View transcript in Niuean
View transcript in Tokelauan

When Mary Gush realised there was no organised support group for elderly Māori in South Auckland suburb of Otara, she took matters into her own hands.

Mary, Ngati Kuri, had been on the local city council board for Otara and Papatoetoe and knew the need was great to keep people feeling connected, healthy and safe.

During COVID this was going to be especially hard for many in her community. She was the catalyst for others in Otara to band together to help this group of people needing a range of assistance from housing and budgeting to advocacy, food and friendship.


Christmas lunch a great success

It began with a Christmas lunch for people who were living alone or unable to celebrate with others, Mary says.

“I had $800 to spend from the council and 100 people to feed. I rang a local caterer and asked what she could do for that. After a few minutes of silence she said: ‘leave it to me, I will make it work’,” Mary recalls.

Incredibly they did make it work and, with another $1000 donation, the party went ahead with a full Christmas meal and was a great success, she says. The local Cook Islands community supported the event by providing glassware, crockery and decorations.

Mary, a resident of Otara for 50 years, and her fellow Otarians caught the attention of Māori TV who ran a story about their efforts to curb loneliness that Christmas. The story reveals as part of Mary’s work for Independent Living Charitable Trust, she has raised more than $1800.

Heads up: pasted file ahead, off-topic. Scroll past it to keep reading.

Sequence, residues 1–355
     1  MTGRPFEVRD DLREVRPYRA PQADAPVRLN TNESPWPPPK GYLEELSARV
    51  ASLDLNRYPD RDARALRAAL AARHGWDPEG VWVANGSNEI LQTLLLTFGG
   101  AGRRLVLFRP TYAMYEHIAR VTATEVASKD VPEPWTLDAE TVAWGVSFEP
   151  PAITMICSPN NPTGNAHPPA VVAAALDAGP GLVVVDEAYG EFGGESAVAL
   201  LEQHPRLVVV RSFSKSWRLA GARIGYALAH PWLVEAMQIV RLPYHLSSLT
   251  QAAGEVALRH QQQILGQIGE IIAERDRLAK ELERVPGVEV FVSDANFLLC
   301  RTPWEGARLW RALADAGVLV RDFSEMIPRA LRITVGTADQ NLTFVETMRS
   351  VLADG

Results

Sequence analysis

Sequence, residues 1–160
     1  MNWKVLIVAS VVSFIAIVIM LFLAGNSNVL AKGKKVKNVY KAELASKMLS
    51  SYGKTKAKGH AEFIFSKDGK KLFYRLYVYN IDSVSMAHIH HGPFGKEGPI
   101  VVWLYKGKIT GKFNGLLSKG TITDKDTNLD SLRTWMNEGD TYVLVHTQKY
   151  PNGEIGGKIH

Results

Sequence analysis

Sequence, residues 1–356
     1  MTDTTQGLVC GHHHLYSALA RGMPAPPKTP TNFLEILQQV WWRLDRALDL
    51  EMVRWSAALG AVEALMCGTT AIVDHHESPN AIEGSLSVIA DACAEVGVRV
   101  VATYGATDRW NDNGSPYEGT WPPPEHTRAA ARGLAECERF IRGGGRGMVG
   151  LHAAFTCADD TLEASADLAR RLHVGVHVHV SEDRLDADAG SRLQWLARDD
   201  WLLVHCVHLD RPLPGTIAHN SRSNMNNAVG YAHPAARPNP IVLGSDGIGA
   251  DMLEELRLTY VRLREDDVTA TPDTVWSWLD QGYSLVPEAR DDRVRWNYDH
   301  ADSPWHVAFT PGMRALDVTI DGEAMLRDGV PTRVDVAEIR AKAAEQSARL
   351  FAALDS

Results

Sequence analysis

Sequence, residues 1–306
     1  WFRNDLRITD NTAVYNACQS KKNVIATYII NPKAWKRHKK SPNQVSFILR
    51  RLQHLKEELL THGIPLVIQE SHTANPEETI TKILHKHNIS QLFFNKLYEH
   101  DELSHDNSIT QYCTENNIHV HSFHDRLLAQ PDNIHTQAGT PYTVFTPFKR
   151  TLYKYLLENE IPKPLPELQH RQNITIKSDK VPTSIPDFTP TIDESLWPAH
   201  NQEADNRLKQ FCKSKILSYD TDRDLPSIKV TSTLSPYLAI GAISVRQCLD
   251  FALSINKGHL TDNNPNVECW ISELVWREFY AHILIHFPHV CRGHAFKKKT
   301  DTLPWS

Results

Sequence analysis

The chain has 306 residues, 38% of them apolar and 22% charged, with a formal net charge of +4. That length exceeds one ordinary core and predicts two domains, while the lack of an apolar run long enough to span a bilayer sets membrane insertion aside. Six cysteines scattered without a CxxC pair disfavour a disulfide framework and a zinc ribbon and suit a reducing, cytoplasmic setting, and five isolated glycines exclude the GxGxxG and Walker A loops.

Image: Mary Gush


Free classes and get together to keep seniors connected

She and other locals now offer a growing number of elders in the community at Te Puke o Tara community Centre free kai, music, line dancing, korowai making, prizes and whanuangatanga.

“We have more men coming now so we are thinking of things they will enjoy.”

A recent group activity was a trip to the movies to see Whina, who Mary says she knew, which involved finding a clean theatre with disabled access. She likes to mix things up, with this year’s Christmas party to be Indian-themed and held in Beachands.

Mary has also worked with local schools to improve rangatahi social connections and talk about the disciplines needed to achieve.

“Teachers tell me they have noticed a tremendous change in attitude and more energy and confidence in these students,” she says.


Need for funded community advocates

Mary says her dream would be to see funded community advocates with good communications skills do this mahi on a wider scale for people of different cultures who need it. She says without this kind of enriched community people can, and do, experience loneliness, hardship and mental distress.

People stop Mary in the supermarket these days and thank her for what she is doing to build resilience in the community, but Mary is humble.

“I just organise things and others do the rest.”

If you peeked in her car though, you might find some home baking and a care package or two for someone who needs a spot of sunshine in their day.


If you or someone you know needs support, contact:

Super Seniors, phone 0800 32 668 65 or text: 5032

  1. Hwang TJ, Rabheru K, Peisah C, Reichman W, Ikeda M. Loneliness and social isolation during the COVID-19 pandemic(external link)(external link) Int Psychogeriatr. 2020 Oct;32(10):1217-1220.
  2. Why staying connected is so important(external link)(external link) Beyond Blue, Australia, 2022
  3. Social connection and well-being during COVID-19(external link)(external link) World Happiness Report, 2021
    Loneliness Healthify NZ
  4. Pietrabissa G, Simpson SG. Psychological consequences of isolation during COVID-19 outbreak(external link)(external link) Front Psychol 2020;11:2201

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Credits: Healthify editorial team. Healthify is brought to you by Health Navigator Charitable Trust.